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Review: Canon 450D Digital SLR camera

canon eos 450d front
canon eos 450d front

Digital SLR camera are getting more and more popular and it’s not hard
to see the attraction. Basically, they have all the functions of a
normal professional camera for those that fancy themselves as a bit of
a David Bailey plus some extra gimzos to help those who just want to
take a good picture without it blurring and add to the mix the fact you
can take the memory card out and print of thousand of pictures on your
printer without going anywhere near a chemist makes them a surefire hit.

Canon has been leading this revolution in photography with is mid-range
of cameras. In 2003 it launched the acclaimed 300D before storming the
world with its successors, the 350D and the 400D. With nearly 50
percent of the market it wouldn’t be too long before the rivals caught
on and caught up. Pentax, Olympus, Sony and Nikon have all responded
with new cameras eager to tempt potential customers to part with their
hard-earned cash. So it wouldn’t take too long before Canon had to
fight back with a new camera.

The 450D was launched earlier in the year in order to compete better
against the rival Sony A200, Nikon D60 and the Olympus E-420. It
features a 12.2-megapixel CMOS sensor, a larger 3-inch monitor with
Live View mode, nine-point AF system and 3.5fps continuous shooting.

It would be easy to think that the 450D is just a 400D with 50 added to
the number, but you would be wrong. While it has many of the features
and components of the 400D it now sports a new DIGIC III processor as
well as a new nine point wide area AF systems and re-designed sensor.

Not only that, when you take the camera in your hand it is a little
lighter than the 400D, 35g lighter to be precise. as well as it
measuring 128.8 x 97.5 x 61.9 mm, the 450D is 50g lighter than Sony’s
A200. It would be easy to say that the construction is gossamer in
places but it belies a ruggedness which should stand up to day-to-day


{mospagebreak}As the body is quite small, those with big hands will find it slightly
probematical when in use as the handgrip is small. That said, anyone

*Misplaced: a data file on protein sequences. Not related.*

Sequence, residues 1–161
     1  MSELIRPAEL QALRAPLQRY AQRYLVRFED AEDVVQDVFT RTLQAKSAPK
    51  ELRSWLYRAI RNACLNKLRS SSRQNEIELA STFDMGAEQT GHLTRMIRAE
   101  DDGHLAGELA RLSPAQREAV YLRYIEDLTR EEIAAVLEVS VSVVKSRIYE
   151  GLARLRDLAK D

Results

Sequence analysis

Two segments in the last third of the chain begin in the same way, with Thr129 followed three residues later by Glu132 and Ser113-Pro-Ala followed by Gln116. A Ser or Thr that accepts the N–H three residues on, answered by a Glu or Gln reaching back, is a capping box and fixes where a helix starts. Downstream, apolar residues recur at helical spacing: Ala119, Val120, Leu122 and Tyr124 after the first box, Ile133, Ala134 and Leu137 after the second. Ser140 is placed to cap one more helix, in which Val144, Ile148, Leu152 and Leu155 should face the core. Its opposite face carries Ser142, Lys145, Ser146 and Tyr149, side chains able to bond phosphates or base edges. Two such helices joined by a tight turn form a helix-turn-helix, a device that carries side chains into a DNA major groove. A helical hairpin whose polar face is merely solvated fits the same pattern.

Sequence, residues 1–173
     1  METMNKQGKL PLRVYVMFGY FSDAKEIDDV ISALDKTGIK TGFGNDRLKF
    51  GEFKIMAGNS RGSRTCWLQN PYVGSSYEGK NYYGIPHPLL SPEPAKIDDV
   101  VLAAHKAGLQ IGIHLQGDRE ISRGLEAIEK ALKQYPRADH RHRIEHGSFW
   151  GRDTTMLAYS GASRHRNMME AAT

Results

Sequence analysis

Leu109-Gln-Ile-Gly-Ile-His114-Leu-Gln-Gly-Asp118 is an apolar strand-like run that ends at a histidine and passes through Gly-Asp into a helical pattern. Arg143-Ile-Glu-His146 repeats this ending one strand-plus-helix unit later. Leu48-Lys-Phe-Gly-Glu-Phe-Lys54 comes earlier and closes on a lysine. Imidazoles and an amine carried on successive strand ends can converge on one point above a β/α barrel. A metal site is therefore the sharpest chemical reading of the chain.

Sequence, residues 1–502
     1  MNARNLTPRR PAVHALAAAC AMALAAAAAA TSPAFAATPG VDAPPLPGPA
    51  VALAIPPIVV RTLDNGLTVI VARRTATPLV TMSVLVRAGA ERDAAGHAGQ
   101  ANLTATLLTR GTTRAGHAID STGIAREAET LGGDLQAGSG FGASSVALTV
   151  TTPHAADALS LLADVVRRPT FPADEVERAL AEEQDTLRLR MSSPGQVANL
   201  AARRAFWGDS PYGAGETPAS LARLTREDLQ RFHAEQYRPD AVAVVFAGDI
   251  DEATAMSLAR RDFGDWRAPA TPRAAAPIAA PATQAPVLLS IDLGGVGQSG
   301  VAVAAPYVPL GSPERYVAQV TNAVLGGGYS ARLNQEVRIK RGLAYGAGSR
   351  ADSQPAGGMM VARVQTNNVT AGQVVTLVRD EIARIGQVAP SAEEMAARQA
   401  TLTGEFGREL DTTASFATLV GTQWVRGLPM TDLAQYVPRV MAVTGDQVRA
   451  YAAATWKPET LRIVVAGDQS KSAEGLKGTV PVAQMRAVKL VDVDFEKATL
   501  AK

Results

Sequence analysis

who is upgrading from a previous version will feel at home with the
intuitive controls.

With most modern digital SLRs, there is an integrated sensor cleaning
system, which uses anti-static materials and a vibrating filter layer
to get rid of dust particles. Not that any contaminations were found
during testing.

On the back, the large screen has meant some buttons being put
elsewhere. New to this model is the Picture Style button. This button
allows the user to customising the image, with seven pre-set settings
and two
user-defined ones. The photographer can adjust contrast, saturation,
sharpness and colour
tone and there is remarkable amount of control for each setting. Using
these settings was easy.

As usual the top dial has a wide range of shooting choices from manual
to automatic and functions that would normally be found on compact
cameras. Aperture setting and shutter speeds are changed by the single
data entry wheel located just above the shutter button.

On the camera’s rear is the large LCD screen. With a 230,000 pixel
resolution it boasts a wide viewing angle and ample
contrast. The screen also has a "Live View" feature, which has been
seen on Olympus cameras for some time. But this doesn’t appear to be as
good as a similar feature found on the Sony Alpha A350. When activated,
the shutter goes up and switches on the image sensor. This means that
the image sensor can’t be used and so the camera has to then use a
secondary contrast-detection AF system. This isn’t as effective in
low-light conditions or in motion shots.

That said, the camera does take some really superb pictures with the
standard 18-55mm f/3.5-5.6 IS lens, but a better lens would improve
results. When in continuous mode, the camera can shoot 3.5 pictures a
second making it one for use in high-speed action shots. In single-shot
mode, the camera has no lag (as long as you use a decent flash memory

{mospagebreak}The camera cost around £440 (body only) or £500 with an 18-55mm
image-stabilised lens. With cheaper snappers on the market, you might
wonder if Canon can hold onto its lead when other similar-spec’d
cameras are going for far less. But, it is still a superb camera and
well worth its (slightly) expensive price tag.

Rating: 9/10

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at TestFreaks.co.uk.